Samuel goes on to suggest Kane ‘won’t feel comfortable making trouble less than two weeks before the start of the season. He is exasperated,’ adding that his desire to sort out his future before the Euros started was ‘sweetly naive’.

It is easy to see both sides of the argument here: Kane wants to leave and thinks he has an agreement with the chairman to do so; Tottenham do not wish to sell and have no obligation to do so. Neither party is the victim or the agitator here. Painting either as any sort of ‘exasperated’ or ‘sweetly naive’ hostage being forced to act is bizarre.


Victim blaming
It is made all the weirder by Samuel mocking Tottenham’s stance. He is insistent they are simply trying to manoeuvre a situation that makes them look good by selling him, rather than them simply trying not to sell him in the first place.

‘What could poor Tottenham do? Kane was playing up, he was desperate to go to Manchester City. We’re the victims here, you know.’

Lovely. So to sum up, Kane has been ‘backed into a corner’ because the club with whom he signed a six-year contract in 2018 expects those official, written, legal terms to be honoured. But Tottenham actually really want to let him go and are just trying to ‘manipulate the narrative’ so they can claim they were ‘the victims’ all along when he goes.

Ever thought they just don’t want to and don’t have to sell, especially not to a club that isn’t coming close to the reported valuation?


Just Kidding
But contracts apparently mean nothing in football, which is why players are notoriously free to up and leave whenever they want and clubs are powerless to stop them.

‘Kane has received stick from some quarters for failing to ‘respect his contract’ and return to pre-season training yesterday – but such talk is out-dated, idealistic guff,’ writes Dave Kidd in the out-dated, guffy Sun.

‘The striker may have three years remaining on his current deal but nobody in modern football believes contracts are anything other than bargaining tools – and nobody truly believes that loyalty exists from player to club, nor vice versa.’

That last point is spot on. Loyalty is not a worthwhile concept here and that works both ways. Kane owes Tottenham as much as they owe him here: nothing.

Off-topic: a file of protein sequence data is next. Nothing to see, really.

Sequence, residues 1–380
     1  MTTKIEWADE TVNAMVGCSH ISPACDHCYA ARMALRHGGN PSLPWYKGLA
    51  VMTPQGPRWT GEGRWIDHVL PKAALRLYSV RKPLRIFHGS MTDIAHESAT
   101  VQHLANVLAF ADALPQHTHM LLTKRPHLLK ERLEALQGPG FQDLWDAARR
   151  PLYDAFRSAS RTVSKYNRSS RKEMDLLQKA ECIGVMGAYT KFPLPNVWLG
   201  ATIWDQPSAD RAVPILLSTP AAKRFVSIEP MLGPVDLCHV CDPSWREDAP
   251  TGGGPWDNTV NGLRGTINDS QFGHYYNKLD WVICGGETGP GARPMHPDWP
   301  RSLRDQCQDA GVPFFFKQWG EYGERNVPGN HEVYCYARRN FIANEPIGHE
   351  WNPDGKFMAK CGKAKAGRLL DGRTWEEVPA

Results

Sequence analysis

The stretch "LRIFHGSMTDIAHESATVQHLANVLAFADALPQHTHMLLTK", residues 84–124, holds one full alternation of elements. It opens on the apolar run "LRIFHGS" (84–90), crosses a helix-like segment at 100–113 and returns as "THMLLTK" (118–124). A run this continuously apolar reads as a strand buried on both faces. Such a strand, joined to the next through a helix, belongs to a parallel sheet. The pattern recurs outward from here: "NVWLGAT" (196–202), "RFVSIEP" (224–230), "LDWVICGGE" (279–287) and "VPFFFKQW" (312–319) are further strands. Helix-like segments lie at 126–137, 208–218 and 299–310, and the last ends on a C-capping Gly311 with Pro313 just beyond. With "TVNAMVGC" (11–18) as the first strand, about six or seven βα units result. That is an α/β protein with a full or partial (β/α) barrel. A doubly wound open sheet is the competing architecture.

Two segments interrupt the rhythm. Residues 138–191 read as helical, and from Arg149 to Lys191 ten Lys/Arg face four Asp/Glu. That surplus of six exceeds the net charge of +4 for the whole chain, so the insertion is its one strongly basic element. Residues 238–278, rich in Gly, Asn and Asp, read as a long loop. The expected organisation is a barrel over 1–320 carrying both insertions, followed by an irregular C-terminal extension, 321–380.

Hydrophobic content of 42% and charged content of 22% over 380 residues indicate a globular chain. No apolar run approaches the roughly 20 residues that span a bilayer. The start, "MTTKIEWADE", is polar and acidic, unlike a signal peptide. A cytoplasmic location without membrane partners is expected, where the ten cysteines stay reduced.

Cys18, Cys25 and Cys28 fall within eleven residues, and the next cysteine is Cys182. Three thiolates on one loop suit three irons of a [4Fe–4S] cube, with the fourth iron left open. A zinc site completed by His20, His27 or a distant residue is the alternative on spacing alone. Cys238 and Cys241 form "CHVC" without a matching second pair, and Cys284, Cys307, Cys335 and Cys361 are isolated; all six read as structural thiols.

But if ‘nobody in modern football believes contracts are anything other than bargaining tools,’ why is Kane not training with Manchester City right now?

Mediawatch wishes him and his agent the absolute best of luck in taking this to the Court of Arbitration for Sport and arguing that he ‘may have three years remaining on his current deal but nobody in modern football believes contracts are anything other than bargaining tools’. That will go well.


Fanciful dress
In the same article, Kidd describes Kane as ‘a fiercely ambitious man, with elements of the selfishness every great striker needs’.

He adds that: ‘The idea that he would allow his peak years to drift past at a club which is sliding into mid-table irrelevance was always a fanciful one.’

Even more ‘fanciful’ is the idea that he is in a position to decide what his future will ‘allow’ or not. Kane will have a say but that call is ultimately Tottenham’s thanks to the three remaining years left on that apparently meaningless ‘bargaining tool’ he signed in 2018.


Smooth criminal
And Kidd completes the hat-trick with this:

‘After eight years as a first-teamer, Kane has served his time and deserves a smooth exit, provided City pay the going rate for a world-class striker with diminishing resale value – which probably shouldn’t be far north of £100million.’

If Kane ‘deserves a smooth exit’ then he really shouldn’t have signed a contract that prevents it. Tottenham have no obligation to roll out the red carpet and let their best player leave unless, as you say, someone pays ‘the going rate’.

And you can pretend his ‘diminishing resale value’ means a jot to Tottenham right now all you want, but that the fee is £160m. And that truly is not ‘far north of £100million’.


Neves say Neves
As tempting as it is to make this a single-edition Kane special, this headline work from the Daily Mirror website is exceptional and deserves applauding:

‘Ruben Neves admits he’s “getting ideas” as he drops hint amid Man Utd transfer interest’

That seems pretty unequivocal. He has had his head turned. The move is on.

“We are getting the ideas of the new coach and I think we are doing well. I had a great time with family and now I’m completely focused here, to be fit for the start of the Premier League.”

For fu…

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Source : Football 365 More